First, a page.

In this class athint for power, kchoychoy, and pleeshka. Loor, tist, and cospital will be discussed; anagram for dear life; and resume after two or three days. Recovery from catatonia. For beginners, thint athint thint thint or consent of the instructor is required. We will swivel prothkich, ragar, and limlip. That's all.
  1. C. "Abstractionist" Votaw

244A Fantasy Gaming

A brief survey of such staples as D&D, AD&D, TFT, and EPT, followed by an in-depth Adventurer campaign. Final project determines grade: typical projects include clearing of baronies, quests for artifacts, and gaining immortality. Concurrent enrollment in Para 236C or 237C or consent of the instructor required.
  1. Ceoles the Couatl, Su 1 p.m.-?

250 Overcoming Math Anxiety

A novel approach to a perennial problem. People are anxious about mathematics that they have seen before. This class will present material that its students are totally unfamiliar with, and hence haven't become imprinted with fear thereof (yet). This class will cover the basics of mathematics in a manner which even the most inexperienced of students will immediately understand. Topics this semester: Aronszajn, Kurepa, and Souslin trees; independence of the axioms of set theory (with forcing); Galois theory; measurable, inaccessible, and Mahlo cardinals; ZF theory; and algebraic and transcendental extensions. Credit 4 units. Does not count toward major.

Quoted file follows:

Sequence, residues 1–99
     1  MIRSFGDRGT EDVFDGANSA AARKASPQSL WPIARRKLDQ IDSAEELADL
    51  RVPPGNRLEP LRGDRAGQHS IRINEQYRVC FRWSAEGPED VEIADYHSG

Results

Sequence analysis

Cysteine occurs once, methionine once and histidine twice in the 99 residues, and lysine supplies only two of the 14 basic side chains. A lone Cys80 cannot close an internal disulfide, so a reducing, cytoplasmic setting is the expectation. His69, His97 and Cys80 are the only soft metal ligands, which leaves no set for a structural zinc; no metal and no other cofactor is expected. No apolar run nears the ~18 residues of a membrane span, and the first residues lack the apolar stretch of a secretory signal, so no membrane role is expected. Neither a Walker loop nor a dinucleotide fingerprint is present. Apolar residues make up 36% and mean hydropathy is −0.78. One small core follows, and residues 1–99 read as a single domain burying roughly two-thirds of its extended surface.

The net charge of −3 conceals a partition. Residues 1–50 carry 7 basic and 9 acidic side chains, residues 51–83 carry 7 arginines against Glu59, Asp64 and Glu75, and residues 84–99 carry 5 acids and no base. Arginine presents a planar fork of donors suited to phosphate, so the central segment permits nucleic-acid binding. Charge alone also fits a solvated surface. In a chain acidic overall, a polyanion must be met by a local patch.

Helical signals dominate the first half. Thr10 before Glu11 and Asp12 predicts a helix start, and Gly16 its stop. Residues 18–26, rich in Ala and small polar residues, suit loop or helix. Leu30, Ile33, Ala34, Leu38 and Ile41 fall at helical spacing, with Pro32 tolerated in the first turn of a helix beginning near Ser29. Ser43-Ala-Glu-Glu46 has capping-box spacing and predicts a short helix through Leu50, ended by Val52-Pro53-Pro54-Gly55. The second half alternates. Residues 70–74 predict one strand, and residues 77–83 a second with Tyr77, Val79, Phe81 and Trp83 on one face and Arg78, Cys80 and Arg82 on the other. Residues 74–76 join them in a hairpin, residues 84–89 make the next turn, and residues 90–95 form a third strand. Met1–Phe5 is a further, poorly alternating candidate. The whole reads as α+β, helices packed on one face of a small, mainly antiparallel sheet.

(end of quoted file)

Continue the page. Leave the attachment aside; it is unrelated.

1. B. "The Mathanthrope" Bloom, F 10 a.m.-12:30 p.m.

251 Math Anxiety and Power

This course will try a novel approach to using the Math Anxiety that we find all around us to give potentially unlimited power. Math Anxiety, according to the great Gurus of Madagascar, is the ultimate universal force; the world exists only to promote Math Anxiety. There are two fundamental ways to use this great cosmic force: the Path of Learning (artha), and the Path of Peace (moksha). The Path of Learning allows the adept to threaten the basic structure of the universe by soothing its fears about mathematics until the Powers of the Universe tremble. The Path of Peace, on the other hand, will allow the student to remain pure and innocent of mathematics, and (s)he will thereby eventually attain Nirvana. Prerequisites: Aronszajn, Kurepa, and Souslin trees; set theory through forcing; Galois theory; theory of cardinals; ZF theory; and algebraic and transcendental extensions.